Most importantly, the audacity for somebody to just get on a plane and arrive in South America alone without even basic Spanish skills is not terribly clever! If you at all think you´re going to get on backpacking across South America ignorantly barking English at the locals you meet you´re in for one rude awakening. The fact is that without basic Spanish skills you are really limiting yourself in terms of what you can and can´t do on your own and how much you´re going to experience in terms of relationships with others. If I could do things over again I would have stayed in one place for a month to take some Spanish courses. Instead, I’m rolling with the punches and picking up a phrase or two everyday 😛
Backpacking is not an art that´s mastered and carried over and applied in other parts of the world like a cookie cutter mould. There are things you learn from every backpacking experience that you can carry over in any situation but to naïvely think that you can just use the same skill sets from one area of the world and apply it to another (which is exactly what I thought prior to my trip) is setting yourself up for failure.
Not only will you lament every negative experience you encounter, but you´ll constantly be comparing each experience with a biased opinion. In my humble opinion, it´s best to create each backpacking experience as a separate entity – much like a blank slate. If you have a clear mind you´re going to encounter each situation as a new experience instead of as an occasion for resentment when a certain level of respect or treatment just isn´t up to snuff.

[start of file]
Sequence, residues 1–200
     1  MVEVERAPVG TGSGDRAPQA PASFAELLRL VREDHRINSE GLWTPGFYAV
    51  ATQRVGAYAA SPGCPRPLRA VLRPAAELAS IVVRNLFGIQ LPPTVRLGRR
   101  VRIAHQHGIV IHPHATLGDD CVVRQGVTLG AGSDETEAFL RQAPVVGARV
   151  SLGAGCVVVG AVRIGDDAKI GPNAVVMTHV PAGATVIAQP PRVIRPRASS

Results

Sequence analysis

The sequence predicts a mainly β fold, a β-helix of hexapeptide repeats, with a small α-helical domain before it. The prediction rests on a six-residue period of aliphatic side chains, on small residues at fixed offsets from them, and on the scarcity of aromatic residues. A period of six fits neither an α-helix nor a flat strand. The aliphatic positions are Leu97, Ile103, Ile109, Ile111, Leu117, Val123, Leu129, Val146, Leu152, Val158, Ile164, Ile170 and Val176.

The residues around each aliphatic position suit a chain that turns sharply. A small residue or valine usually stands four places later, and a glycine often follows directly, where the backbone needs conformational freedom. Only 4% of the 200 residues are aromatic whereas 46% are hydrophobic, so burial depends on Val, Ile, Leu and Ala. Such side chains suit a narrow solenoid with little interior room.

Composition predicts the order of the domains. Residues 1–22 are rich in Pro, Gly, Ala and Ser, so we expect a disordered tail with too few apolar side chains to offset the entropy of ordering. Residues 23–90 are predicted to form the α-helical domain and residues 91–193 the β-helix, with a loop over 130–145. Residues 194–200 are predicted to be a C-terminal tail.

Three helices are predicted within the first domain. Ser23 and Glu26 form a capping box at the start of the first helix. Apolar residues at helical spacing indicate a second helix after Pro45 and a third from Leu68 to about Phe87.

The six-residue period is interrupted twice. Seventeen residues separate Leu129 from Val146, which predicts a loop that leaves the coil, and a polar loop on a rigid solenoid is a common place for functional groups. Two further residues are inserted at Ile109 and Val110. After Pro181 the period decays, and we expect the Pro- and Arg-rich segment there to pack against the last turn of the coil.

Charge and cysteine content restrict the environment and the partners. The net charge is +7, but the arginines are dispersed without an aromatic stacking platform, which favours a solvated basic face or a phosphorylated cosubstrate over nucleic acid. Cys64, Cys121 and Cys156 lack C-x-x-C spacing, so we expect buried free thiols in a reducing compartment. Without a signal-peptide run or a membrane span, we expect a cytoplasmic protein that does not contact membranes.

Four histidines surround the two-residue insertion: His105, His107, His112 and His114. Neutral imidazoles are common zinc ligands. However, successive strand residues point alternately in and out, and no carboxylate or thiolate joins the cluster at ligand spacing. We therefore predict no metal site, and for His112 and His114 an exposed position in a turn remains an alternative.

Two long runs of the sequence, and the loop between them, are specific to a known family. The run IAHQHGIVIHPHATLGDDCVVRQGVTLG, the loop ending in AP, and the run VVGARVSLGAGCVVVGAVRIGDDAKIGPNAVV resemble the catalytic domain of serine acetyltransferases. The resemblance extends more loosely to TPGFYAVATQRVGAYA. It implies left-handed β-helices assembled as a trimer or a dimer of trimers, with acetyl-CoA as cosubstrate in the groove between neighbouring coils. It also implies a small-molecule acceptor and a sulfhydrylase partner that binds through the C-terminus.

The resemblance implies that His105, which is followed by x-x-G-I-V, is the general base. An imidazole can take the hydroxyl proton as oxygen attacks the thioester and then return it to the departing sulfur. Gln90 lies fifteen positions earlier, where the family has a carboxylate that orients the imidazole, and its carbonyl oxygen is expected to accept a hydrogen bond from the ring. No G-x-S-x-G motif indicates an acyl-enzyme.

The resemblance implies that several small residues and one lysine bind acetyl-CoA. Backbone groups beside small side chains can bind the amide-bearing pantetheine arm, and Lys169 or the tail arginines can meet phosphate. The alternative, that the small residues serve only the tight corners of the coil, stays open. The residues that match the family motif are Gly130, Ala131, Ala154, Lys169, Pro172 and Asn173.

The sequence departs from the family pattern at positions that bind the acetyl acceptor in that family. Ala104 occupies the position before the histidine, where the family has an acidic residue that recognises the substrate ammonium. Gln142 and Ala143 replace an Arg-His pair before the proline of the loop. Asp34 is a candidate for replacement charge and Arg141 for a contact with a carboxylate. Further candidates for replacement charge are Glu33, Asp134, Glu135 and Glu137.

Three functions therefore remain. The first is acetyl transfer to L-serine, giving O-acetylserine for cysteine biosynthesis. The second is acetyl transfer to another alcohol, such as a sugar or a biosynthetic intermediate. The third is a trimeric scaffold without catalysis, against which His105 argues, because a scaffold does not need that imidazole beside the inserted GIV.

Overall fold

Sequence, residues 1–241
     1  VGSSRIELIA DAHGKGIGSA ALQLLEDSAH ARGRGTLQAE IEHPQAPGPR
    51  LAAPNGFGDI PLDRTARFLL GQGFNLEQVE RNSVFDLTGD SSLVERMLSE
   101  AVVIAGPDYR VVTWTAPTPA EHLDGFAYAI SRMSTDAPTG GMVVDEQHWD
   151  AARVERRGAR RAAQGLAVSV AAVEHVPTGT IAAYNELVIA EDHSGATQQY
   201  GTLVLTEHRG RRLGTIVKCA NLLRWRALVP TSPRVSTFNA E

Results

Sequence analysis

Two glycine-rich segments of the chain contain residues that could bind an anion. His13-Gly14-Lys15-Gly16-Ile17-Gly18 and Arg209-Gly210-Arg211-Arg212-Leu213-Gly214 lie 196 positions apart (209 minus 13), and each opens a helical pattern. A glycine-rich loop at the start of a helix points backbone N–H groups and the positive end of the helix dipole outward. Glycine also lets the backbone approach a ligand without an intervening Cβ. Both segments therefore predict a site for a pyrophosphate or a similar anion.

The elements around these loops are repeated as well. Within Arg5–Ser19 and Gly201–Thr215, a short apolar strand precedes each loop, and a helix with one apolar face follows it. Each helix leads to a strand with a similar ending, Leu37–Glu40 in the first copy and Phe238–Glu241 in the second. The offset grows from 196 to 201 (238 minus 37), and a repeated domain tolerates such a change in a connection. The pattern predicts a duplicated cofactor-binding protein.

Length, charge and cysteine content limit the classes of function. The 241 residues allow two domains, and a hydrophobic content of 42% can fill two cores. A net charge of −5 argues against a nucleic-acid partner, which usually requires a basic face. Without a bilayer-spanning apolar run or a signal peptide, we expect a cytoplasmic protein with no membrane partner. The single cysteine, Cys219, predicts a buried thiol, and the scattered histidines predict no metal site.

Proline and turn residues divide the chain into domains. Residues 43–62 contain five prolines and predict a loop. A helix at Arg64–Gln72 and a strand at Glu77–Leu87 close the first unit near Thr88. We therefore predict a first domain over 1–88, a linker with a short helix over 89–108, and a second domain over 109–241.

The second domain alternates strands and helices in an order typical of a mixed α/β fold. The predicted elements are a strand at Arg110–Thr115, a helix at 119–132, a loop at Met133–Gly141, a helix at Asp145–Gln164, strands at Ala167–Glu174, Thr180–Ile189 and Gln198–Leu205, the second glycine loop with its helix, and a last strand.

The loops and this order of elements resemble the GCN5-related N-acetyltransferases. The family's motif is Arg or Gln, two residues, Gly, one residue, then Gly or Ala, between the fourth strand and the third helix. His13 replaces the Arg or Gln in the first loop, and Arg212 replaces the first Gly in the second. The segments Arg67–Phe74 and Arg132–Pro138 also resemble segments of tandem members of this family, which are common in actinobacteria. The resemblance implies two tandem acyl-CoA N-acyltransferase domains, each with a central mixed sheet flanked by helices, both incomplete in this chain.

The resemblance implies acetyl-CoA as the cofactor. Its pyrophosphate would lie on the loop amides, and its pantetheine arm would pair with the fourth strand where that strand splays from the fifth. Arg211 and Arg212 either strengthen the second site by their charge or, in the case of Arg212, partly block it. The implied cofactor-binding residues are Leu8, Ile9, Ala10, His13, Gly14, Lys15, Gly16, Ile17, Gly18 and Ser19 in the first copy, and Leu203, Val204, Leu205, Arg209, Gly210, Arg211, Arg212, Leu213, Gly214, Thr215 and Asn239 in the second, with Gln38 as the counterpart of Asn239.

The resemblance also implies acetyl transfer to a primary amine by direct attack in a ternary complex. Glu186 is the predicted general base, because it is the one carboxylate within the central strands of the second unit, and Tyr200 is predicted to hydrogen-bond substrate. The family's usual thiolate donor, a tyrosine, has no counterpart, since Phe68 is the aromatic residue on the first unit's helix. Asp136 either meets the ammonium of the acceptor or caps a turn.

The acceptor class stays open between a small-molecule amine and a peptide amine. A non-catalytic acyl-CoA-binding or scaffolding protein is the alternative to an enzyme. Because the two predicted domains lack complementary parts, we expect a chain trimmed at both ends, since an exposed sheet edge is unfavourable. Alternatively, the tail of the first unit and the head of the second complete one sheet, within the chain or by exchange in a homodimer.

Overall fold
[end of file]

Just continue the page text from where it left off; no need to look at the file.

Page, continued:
I´ve found myself at times yoyo-ing in between these two states of mind, but more recently I´ve been leaning more towards the side of being completely and totally open-minded. I really suggest that anybody who is going to travel to another part of the world consider that what you may expect to encounter may not be the reality and that being flexible, open minded and ready to encounter new situations will give you the best opportunity to really value and cherish your journey in a unique and special way.
Nomadic Samuel Jeffery
Why You Should Not Compare Trips
Traveling is a wonderful and enriching experience that can expose you to different cultures, people, and places. However, it is important to avoid comparing one trip to another as it can undermine the unique and valuable qualities of each individual journey.
One of the reasons why comparing trips is counterproductive is that each trip is inherently unique. Each journey presents its own set of challenges, rewards, and surprises. By comparing one trip to another, you run the risk of creating unrealistic expectations that can prevent you from fully enjoying the unique experiences of your current trip.